Despite efforts, businesses struggle with accessibility
Some of the reasons this is the case are due to the sheer volume and complexity of the internet. The dynamic nature of content presents a challenge for content creators and businesses who want to reach as many people as possible and meet all users’ expectations. Consumers expect personalized content, interactive features and intuitive interfaces that allow them to search for information, shop, entertain, etc. This level of personalization is dependent on continuous content changes based on user preferences and behavior. Every change can make content unaccessible to users with disabilities.
Other reasons for slow progress in accessibility include the ambiguity between technical and legal frameworks and misleading discourse around solutions. Websites must be accessible to people using assistive technology such as screen readers to comply with the Americans with Disabilities Act and other state laws. The ADA, signed into law in 1990, doesn’t provide technical guidance or specific legal criteria for implementing digital accessibility. Instead, the Department of Justice and the courts rely on Web Content Accessibility Guidelines as a web accessibility standard. There are many things that can be interpreted, including the number and type of WCAG criteria that a website must meet to be considered ADA-compliant.
To better understand the state accessibility today’s web design trends, AudioEye, a leading industry platform for website accessibility, recently analysed a large amount of website data and conducted user surveys.
In AudioEye’s analysis of 3,500 randomly selected websites across 22 industries, we found that 83 percent of e-commerce, 78 percent of health care, and 77 percent of jobs and career sites had accessibility issues that blocked or hindered a screen reader user’s ability to complete critical tasks, such as viewing product descriptions, completing a purchase, filling out an application, or booking an appointment.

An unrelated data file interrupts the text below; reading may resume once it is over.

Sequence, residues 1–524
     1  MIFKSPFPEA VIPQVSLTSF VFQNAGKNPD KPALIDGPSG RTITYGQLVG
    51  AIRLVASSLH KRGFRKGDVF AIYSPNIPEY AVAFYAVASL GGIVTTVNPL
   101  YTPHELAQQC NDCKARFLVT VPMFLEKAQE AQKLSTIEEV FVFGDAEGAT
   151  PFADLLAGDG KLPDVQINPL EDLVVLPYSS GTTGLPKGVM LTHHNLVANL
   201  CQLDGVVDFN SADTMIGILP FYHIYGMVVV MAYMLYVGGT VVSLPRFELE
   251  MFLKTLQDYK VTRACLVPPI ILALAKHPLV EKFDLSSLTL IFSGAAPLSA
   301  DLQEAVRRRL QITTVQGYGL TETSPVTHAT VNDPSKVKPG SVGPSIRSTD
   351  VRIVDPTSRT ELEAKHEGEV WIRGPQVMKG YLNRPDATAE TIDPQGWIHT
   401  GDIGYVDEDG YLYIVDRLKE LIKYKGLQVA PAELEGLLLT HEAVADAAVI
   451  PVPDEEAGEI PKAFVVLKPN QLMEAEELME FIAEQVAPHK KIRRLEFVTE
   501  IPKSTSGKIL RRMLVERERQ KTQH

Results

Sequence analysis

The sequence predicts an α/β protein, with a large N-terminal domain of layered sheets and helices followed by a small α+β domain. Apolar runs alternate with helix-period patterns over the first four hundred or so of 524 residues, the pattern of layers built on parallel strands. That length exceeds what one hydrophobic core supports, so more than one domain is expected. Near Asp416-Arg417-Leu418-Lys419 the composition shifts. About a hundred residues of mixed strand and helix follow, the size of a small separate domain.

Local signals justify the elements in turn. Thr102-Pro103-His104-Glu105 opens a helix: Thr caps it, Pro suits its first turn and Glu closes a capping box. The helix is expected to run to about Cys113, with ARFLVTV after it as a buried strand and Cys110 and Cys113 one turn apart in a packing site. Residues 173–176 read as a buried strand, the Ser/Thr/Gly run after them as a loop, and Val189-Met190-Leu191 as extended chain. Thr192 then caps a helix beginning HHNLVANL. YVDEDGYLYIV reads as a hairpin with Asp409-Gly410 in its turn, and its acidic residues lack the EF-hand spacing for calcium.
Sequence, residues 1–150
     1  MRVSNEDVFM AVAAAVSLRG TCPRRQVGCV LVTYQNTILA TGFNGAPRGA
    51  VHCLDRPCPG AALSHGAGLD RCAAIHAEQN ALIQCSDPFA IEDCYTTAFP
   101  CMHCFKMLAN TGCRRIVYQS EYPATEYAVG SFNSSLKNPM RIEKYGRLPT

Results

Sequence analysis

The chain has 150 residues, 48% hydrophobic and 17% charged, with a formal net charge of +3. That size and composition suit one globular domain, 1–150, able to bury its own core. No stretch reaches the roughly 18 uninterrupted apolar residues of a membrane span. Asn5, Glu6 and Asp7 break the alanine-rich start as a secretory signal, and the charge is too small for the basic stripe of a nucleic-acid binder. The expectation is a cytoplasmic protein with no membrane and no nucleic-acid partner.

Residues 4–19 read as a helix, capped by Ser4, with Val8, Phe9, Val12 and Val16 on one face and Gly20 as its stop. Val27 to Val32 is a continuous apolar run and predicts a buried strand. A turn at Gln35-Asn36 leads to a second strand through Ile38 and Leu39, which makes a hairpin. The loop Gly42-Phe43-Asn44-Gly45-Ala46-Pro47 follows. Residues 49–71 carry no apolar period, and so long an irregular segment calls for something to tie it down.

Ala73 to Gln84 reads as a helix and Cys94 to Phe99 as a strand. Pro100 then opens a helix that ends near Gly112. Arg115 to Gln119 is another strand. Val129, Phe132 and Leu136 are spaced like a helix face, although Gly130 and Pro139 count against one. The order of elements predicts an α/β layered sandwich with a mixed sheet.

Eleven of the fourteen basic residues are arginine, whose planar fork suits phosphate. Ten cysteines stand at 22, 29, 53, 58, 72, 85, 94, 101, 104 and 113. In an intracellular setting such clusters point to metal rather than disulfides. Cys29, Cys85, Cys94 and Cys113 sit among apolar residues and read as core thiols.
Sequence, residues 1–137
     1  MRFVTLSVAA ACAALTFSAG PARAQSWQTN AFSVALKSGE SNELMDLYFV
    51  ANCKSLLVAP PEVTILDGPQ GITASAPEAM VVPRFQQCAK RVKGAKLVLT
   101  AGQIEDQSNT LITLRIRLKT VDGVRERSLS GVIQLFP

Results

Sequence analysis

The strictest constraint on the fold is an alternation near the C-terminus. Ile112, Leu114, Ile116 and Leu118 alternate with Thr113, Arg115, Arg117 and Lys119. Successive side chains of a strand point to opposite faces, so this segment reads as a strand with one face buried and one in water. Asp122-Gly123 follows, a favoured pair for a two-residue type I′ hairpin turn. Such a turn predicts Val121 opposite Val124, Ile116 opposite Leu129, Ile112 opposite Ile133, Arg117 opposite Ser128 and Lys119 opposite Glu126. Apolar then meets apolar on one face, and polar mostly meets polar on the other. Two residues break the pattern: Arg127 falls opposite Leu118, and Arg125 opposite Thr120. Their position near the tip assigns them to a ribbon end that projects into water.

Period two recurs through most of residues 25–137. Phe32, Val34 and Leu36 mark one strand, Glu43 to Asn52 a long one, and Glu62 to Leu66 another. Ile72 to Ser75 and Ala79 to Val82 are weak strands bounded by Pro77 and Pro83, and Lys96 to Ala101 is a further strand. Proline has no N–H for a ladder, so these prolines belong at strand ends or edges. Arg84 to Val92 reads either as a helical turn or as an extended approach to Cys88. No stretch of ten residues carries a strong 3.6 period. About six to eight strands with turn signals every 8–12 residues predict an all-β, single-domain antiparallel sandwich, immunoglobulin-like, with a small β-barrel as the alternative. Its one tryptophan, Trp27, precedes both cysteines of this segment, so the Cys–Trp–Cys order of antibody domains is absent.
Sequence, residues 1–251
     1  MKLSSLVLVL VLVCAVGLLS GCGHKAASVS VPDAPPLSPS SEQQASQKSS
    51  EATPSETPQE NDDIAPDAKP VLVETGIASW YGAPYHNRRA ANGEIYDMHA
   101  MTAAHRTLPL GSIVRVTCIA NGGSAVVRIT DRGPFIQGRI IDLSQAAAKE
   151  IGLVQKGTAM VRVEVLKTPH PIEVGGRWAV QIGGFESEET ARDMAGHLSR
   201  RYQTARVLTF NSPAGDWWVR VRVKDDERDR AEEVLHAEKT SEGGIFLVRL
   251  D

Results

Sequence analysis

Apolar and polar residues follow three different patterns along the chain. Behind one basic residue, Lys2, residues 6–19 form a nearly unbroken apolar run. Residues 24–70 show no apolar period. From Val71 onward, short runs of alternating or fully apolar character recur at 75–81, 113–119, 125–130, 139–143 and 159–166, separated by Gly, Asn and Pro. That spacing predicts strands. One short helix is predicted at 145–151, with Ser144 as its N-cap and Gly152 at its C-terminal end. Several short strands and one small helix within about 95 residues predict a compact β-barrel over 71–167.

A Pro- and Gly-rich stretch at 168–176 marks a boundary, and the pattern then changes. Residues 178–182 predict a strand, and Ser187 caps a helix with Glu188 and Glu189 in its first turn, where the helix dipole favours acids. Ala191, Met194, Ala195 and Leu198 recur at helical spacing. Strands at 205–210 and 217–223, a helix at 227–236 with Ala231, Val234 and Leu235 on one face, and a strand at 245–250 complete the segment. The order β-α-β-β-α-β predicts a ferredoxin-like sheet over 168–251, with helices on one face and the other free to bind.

As our reliance on the internet to manage our daily lives and livelihoods continues to grow in the covid-19 era, digital accessibility is becoming critical, putting pressure on the government to take more action. In March 2022, the Justice Department published new guidance reaffirming that website accessibility is required under ADA. Although the guidance does not provide a legal standard for website accessibility, it advocates the use of WCAG. It also lists settlements that demonstrate the Justice Department’s decision making in web accessibility lawsuits. The guidance is written in clear and simple language. Digital accessibility is an essential issue and must be considered a priority.
Accessibility vendors include simple automation-only tools like widgets that change content on the fly, without having to modify the original website code. However, manual audits are labor-intensive and expensive, which identify any modifications that must be made to the source code. This places the burden on site owners to implement them. Both approaches are not able to provide ongoing accessibility and inclusive experiences by themselves. For many businesses, especially those with limited resources, the decision to make accessibility a priority becomes a matter if they can afford it.
In a 2021 AudioEye online survey of business leaders and web professionals, over 70 percent of 500 respondents cited “cost” as the top concern for making their websites accessible. In the same survey, over 65 percent of respondents said they believe that just using accessibility automation-only toolbars can make websites “almost completely accessible.” In comparison, 52 percent maintained that creating an accessible website means redesigning and redeveloping the entire website.